This paper examines the welfare implications of third-party informational intermediation. A seller sets the price of a product that is sold through an informational intermediary. The intermediary can disclose information about the product to consumers and earns a fixed percentage of sales revenue in each period. The intermediary's market base grows at a rate that increases with past consumer surplus. We characterize the stationary equilibria and the set of subgame perfect equilibrium payoffs. When market feedback (i.e., the extent to which past consumer surplus affects future market bases) increases, welfare may decrease in the Pareto sense.
A long-lived seller sells a product by setting prices and offering product recommendations to short-lived consumers arriving in continuous time. The seller receives consumer feedback about the product value, with an arrival rate increasing in the instantaneous sales volume. We characterize the optimal selling mechanism under general value distributions and feedback technologies and show that the seller may set the price below the production cost for an initial or interim period and may switch the price between low prices and high prices multiple times. The optimal mechanism generates a Pareto improvement compared to the optimal fixed-price mechanism which features an above-cost price and inefficient spamming.
Social Learning in General Information Environments - New Draft Coming
I study a sequential social learning model in a general information environment. Each agent learns about an underlying state of the world by observing a state-signal directly about the state, which is unboundedly informative as in Smith and Sorensen (2000), and a summary statistic about other agents' actions and then chooses his own action. I introduce the concept of "normal statistics" and show that dispersed private information successfully aggregates in the long run under all normal statistics, provided that past statistics are public information for all subsequent agents. In general, when past statistics are not always observed by subsequent agents, I introduce the concept of "weakly-separating statistics" which characterizes when information aggregation occurs.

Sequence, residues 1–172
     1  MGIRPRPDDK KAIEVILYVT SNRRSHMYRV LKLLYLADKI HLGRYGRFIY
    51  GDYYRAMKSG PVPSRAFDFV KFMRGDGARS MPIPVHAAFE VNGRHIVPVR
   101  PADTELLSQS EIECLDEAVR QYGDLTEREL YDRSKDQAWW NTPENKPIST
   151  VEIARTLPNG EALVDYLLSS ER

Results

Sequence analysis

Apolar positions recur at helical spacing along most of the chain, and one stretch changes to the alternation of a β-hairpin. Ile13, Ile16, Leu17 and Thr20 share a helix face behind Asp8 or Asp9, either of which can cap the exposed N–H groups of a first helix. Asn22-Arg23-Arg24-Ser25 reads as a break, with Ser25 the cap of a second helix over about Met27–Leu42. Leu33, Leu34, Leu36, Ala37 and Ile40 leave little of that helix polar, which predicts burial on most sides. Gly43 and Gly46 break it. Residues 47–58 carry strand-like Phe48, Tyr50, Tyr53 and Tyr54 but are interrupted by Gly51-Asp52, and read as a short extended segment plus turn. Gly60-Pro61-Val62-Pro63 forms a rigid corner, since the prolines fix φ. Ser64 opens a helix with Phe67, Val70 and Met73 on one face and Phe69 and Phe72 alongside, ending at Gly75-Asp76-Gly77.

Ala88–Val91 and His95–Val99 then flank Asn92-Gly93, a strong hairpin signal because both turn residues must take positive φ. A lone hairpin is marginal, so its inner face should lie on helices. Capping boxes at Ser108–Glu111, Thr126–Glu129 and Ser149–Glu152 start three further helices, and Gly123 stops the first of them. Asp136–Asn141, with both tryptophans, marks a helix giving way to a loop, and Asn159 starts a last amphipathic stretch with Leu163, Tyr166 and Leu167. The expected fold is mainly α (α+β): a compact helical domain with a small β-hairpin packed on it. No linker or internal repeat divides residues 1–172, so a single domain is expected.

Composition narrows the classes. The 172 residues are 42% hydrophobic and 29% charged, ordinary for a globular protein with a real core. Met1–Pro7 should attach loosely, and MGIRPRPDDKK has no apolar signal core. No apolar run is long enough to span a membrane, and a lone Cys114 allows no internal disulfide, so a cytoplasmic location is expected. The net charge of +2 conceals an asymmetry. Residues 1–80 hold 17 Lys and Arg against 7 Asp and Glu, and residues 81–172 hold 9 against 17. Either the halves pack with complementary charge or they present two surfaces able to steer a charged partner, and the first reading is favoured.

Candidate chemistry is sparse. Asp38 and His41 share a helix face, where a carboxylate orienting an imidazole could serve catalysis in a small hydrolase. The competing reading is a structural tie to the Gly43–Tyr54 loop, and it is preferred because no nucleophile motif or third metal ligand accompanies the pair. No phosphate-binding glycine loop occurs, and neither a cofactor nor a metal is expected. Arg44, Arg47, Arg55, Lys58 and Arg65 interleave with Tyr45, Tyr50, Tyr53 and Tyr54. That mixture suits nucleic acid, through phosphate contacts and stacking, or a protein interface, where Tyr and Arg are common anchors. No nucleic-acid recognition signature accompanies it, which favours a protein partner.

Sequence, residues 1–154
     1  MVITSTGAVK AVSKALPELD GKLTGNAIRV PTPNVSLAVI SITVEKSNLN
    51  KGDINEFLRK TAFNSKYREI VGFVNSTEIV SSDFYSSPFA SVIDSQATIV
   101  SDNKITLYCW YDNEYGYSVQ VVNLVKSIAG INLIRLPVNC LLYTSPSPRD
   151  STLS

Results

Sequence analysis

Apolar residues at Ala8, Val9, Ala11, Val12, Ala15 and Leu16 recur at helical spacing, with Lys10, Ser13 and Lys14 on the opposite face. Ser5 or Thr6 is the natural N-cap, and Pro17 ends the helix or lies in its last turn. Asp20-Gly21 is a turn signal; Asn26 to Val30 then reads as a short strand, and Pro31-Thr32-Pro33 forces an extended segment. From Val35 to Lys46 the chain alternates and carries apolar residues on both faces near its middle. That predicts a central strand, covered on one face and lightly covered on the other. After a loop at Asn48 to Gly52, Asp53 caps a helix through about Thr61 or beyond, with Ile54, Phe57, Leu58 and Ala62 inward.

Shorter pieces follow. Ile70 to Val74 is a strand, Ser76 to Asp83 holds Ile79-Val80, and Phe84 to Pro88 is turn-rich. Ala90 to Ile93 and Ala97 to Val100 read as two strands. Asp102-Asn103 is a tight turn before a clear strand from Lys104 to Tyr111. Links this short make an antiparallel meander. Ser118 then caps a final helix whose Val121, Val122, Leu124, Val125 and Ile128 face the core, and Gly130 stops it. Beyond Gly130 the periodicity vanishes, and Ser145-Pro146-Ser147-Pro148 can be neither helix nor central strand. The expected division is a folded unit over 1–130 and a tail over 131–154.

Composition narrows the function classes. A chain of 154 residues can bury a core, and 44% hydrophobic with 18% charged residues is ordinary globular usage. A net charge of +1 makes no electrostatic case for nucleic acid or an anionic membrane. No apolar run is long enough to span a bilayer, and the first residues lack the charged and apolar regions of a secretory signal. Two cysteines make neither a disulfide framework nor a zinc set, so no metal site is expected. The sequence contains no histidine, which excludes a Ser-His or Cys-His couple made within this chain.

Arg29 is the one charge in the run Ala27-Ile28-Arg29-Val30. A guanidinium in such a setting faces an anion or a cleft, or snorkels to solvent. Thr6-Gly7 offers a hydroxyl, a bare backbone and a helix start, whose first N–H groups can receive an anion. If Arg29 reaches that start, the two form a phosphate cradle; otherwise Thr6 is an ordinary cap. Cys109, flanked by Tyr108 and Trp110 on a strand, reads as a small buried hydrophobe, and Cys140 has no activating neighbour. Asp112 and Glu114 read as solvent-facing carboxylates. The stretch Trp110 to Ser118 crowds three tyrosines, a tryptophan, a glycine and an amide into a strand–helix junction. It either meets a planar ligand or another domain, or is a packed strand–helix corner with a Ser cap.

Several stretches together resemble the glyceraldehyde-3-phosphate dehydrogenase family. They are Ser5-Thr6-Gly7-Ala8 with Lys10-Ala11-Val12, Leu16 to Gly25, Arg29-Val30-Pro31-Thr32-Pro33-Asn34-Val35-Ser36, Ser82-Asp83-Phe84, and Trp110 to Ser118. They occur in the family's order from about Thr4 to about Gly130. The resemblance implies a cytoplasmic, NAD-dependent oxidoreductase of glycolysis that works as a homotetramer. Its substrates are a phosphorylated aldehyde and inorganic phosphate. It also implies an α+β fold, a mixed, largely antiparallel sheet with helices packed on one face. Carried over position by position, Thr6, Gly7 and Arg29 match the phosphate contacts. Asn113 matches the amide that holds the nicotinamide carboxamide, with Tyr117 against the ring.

Platform Design for Costly Learning
This paper studies the optimal design of a platform to incentivize its users to collectively acquire costly information about the quality of a product (or a service, an investment opportunity, etc.). Users arrive in discrete time. Each user observes information disclosed by the platform and may acquire a costly private signal about the product quality before making his purchase decision. The platform observes users' past purchase history and can disclose any information about past histories to subsequent users. It is shown that if the information environment features negative feedback, it is optimal for the platform to release no information early on to induce user exploration and publish a list of potentially good products at a later point in time, once and for all. On the other hand, if the information environment features positive feedback, it is optimal for the platform to continuously flag projects that are potentially good for an extended period of time right after the product is released. Welfare comparisons with different benchmarks are discussed.
Social Learning under Information Control
The efficiency of market economies and democratic political system depends on the accuracy of individuals’ beliefs. However, centralized information control has, from time to time, hindered efficient societal information aggregation. In this paper, we study to what extent information aggregation in social learning environments is affected by centralized information control of a principal with a state-independent preference. We consider a population of agents who arrive sequentially and obtain information about the state of the world both from their private signals and by observing information about other agents’ actions either exogenously or through the principal. Contrary to the naïve intuition, information aggregation can be very resilient, rather than fragile, provided that the agents have access to some minimal amount of “expanding” observations of others’ actions that are outside of the principal’s control. In general, the learning outcome depends on whether and how the beliefs generated by the private signals are bounded, as well as the type of exogenous observations that agents have.